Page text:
As India crawls to its 72nd year of independence, now more than ever, there’s greater awareness of the issues that plague us. Especially in the last four years, there has been an increased emphasis in ‘proving’ your patriotism. According to the current political climate, patriotism equals being loyal to the establishment. Anyone singing even a slightly different tune is branded anti-national, enemy of the state or ‘paid off’ by the opposition. How did we get here? Believe it or not, Bollywood has played a significant part in shaping this. Our films have always been an enabler to such sentiments.
It’s hardly without reason that Manoj Kumar earned the moniker of Bharat, given his spate of ‘patriotic’ films. People from the West were branded ‘evil’ and/or ‘immoral’. And in films like Purab Aur Paschim, there was a repeated trope where the leading lady would have to be ‘rescued’ from Western culture and shamed into embracing Indian culture. Kumar’s films got away with repeated blanket statements like ‘Indian sanskaar is best’ and ‘West is all about skimpy clothes, parties and alcohol’.
During the 1980s and 1990s – Bollywood saw quite a few patriots like Raaj Kumar, Nana Patekar and Dilip Kumar. One of the most iconic scenes from this decade happens to be from Subhash Ghai’s Karma, where Dilip Kumar pins Anupam Kher to the wall and draws the map of India around him, by firing his machine gun. And even though these films came dangerously close to being jingoistic, they steered clear of broad generalisation. It seemed like the ‘West’ was no longer the enemy, and thus (almost on cue) came JP Dutta’s Border.
Sunny Deol exhibited his powerful roar while coercing his own soldiers into fighting a war by giving them tirange ka vaasta (for the sake of the Tricolour). He shamed a soldier for loving his wife (diagnosed with cancer) more than his country. Dutta’s depiction of the Pakistani military as ‘evil’ and ‘conniving’ was as shameful as it was lazy. Our soldiers were given a full-fledged backstories with newly-wed wives, blind mothers and patient lovers, while those from the other side of the border were just ‘enemies’ to be destroyed.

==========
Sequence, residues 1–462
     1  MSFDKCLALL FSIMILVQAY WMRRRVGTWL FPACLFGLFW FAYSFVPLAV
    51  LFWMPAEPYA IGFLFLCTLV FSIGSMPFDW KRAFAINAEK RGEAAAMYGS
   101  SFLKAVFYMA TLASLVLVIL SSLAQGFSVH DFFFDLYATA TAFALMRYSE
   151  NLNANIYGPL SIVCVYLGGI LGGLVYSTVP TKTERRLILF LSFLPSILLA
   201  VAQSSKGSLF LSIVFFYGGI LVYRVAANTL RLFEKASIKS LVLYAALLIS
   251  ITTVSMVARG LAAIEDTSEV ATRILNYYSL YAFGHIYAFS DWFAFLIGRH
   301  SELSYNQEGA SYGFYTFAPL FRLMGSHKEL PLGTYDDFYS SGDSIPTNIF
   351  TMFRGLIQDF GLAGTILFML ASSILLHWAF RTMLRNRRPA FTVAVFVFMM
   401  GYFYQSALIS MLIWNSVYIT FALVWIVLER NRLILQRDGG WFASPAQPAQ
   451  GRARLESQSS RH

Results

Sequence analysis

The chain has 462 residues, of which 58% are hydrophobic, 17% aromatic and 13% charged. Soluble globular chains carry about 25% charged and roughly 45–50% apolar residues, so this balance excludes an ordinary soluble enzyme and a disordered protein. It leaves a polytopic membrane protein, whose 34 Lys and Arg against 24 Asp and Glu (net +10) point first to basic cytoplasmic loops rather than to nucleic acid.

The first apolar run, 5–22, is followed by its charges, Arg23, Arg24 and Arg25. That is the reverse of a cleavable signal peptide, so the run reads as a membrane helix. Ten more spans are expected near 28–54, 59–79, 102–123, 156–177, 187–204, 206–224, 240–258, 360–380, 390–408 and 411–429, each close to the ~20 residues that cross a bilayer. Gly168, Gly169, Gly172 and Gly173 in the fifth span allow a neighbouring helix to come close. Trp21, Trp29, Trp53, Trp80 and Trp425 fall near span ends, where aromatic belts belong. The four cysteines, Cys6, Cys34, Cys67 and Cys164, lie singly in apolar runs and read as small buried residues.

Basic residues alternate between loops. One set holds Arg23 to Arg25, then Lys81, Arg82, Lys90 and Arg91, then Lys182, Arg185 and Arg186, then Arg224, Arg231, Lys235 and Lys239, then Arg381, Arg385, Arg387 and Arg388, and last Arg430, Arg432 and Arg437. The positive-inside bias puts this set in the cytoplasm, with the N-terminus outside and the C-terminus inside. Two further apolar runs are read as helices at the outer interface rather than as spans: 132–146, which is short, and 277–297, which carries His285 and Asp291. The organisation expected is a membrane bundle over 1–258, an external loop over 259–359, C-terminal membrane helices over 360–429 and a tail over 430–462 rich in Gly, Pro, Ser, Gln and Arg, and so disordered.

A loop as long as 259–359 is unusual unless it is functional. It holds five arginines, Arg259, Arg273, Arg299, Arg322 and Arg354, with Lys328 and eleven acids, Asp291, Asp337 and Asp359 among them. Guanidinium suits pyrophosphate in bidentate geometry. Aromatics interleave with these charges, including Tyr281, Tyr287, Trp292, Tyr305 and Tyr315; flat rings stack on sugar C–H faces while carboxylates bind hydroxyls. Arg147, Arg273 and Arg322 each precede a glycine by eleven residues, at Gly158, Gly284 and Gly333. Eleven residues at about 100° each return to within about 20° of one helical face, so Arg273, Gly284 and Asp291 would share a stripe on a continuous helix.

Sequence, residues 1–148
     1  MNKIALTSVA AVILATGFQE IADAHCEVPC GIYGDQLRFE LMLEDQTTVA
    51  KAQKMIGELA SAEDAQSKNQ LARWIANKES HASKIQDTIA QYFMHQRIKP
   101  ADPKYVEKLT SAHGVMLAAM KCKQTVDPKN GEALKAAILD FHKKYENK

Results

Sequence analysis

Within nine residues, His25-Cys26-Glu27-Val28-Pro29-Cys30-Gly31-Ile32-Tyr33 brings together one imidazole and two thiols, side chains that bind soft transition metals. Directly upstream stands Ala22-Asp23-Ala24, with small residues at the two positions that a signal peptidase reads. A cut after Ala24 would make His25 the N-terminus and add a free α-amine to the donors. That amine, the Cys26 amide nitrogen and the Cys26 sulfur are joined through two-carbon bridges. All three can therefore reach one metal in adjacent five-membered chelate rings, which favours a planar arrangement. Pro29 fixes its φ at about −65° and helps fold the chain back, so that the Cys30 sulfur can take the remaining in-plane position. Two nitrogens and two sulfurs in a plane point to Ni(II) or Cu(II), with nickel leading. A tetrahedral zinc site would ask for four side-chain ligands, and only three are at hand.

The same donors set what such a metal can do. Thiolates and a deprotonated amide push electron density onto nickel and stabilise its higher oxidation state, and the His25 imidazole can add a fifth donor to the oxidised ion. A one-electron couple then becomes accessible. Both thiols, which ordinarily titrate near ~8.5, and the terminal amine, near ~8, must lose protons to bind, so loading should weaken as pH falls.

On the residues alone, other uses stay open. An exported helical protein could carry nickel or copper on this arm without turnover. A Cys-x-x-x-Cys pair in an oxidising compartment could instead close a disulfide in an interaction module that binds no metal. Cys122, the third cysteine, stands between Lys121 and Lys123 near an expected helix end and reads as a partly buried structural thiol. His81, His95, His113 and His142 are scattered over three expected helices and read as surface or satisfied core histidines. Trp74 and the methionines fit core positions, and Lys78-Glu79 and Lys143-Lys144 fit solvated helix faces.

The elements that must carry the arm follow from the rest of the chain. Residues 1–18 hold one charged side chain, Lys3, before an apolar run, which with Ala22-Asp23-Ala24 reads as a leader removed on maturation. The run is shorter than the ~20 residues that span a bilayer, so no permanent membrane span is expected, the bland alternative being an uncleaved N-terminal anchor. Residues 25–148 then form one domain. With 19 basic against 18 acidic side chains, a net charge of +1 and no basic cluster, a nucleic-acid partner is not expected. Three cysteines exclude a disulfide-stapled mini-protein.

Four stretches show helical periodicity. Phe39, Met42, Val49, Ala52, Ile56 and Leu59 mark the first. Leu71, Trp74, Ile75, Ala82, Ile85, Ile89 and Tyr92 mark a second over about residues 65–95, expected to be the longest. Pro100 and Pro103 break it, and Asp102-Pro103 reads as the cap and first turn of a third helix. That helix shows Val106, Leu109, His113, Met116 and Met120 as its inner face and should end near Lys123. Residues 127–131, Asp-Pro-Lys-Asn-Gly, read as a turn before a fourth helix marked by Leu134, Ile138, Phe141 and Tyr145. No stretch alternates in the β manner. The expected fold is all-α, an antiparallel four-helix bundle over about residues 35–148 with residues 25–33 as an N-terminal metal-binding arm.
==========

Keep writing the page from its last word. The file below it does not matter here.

Deol harnessed the power of his lungs once again, in Anil Sharma’s Gadar: Ek Prem Katha. Telling a love story from the time of partition, Sharma represented Pakistan with the face of a petty and ridiculously stupid Amrish Puri. He insists his son-in-law (Deol) say Hindustan Murdabad. Do you really blame Deol for uprooting a hand-pump? It was nearly symbolic for how subtle Sharma wanted to be while approaching ‘patriotism’ as a subject.
The baton has since passed on to the folks like Akshay Kumar and Ajay Devgn. While Devgn began with the genre much before Kumar did (in Rajkumar Santoshi’s The Legend Of Bhagat Singh) it is the latter who has cemented his place as the new-age Bharat Kumar. From films like Baby, Airlift, Pad Man, Toilet: Ek Prem Katha, Jolly LLB 2 and now Gold – Kumar has single-handedly created a mass-niche for himself. Having majorly been bracketed as an action-star during the 90s and a ‘comedy star’ in the 2000s, Kumar reinvented himself as the champion of the everyday patriot.
Following Kumar’s footsteps, Devgn starred in Raid earlier this year. Playing a character of a ‘proud, upright bureaucrat’ Devgn’s performance includes telling the audience – Indian culture is best and that he would bleed for the Tricolour. Of course.
The latest entrant in the jingoistic brigade is John Abraham. Having starred in a slew of unsuccessful action films like Force 2, Rocky Handsome – Abraham is using his perfect jawline and 22-inch biceps, to pay tribute to the national anthem. Parmanu was Abraham’s first ‘solo hit’ since 2013’s Madras Cafe, thanks to its pro-BJP stance.
And now with Satyamev Jayate, Abraham has crossed over into the territory of toxic nationalism. It’s upsetting because you would assume someone like Abraham to have more sense than this. But perhaps, it’s the easy way of surviving (and thriving) in a country where a mob is just waiting for a Whatsapp forward to identify their next target.